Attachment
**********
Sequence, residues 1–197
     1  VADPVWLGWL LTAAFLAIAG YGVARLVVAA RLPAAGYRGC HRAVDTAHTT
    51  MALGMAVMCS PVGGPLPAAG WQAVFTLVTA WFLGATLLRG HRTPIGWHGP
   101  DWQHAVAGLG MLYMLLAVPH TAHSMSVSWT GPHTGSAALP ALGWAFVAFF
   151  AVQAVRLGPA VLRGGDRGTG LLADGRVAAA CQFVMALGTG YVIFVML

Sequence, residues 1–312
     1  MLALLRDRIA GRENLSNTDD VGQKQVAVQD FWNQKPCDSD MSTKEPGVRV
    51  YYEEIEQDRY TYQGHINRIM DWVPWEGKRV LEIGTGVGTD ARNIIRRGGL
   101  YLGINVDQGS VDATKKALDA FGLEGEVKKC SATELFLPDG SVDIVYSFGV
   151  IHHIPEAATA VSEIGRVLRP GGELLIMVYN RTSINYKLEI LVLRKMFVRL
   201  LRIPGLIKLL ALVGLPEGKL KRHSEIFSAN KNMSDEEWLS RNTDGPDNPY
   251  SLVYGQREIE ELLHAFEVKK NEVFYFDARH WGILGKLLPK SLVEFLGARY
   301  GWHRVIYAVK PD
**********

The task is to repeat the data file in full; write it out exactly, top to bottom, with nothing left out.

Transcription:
Sequence, residues 1–197
     1  VADPVWLGWL LTAAFLAIAG YGVARLVVAA RLPAAGYRGC HRAVDTAHTT
    51  MALGMAVMCS PVGGPLPAAG WQAVFTLVTA WFLGATLLRG HRTPIGWHGP
   101  DWQHAVAGLG MLYMLLAVPH TAHSMSVSWT GPHTGSAALP ALGWAFVAFF
   151  AVQAVRLGPA VLRGGDRGTG LLADGRVAAA CQFVMALGTG YVIFVML

Sequence, residues 1–312
     1  MLALLRDRIA GRENLSNTDD VGQKQVAVQD FWNQKPCDSD MSTKEPGVRV
    51  YYEEIEQDRY TYQGHINRIM DWVPWEGKRV LEIGTGVGTD ARNIIRRGGL
   101  YLGINVDQGS VDATKKALDA FGLEGEVKKC SATELFLPDG SVDIVYSFGV
   151  IHHIPEAATA VSEIGRVLRP GGELLIMVYN RTSINYKLEI LVLRKMFVRL
   201  LRIPGLIKLL ALVGLPEGKL KRHSEIFSAN KNMSDEEWLS RNTDGPDNPY
   251  SLVYGQREIE ELLHAFEVKK NEVFYFDARH WGILGKLLPK SLVEFLGARY
   301  GWHRVIYAVK PD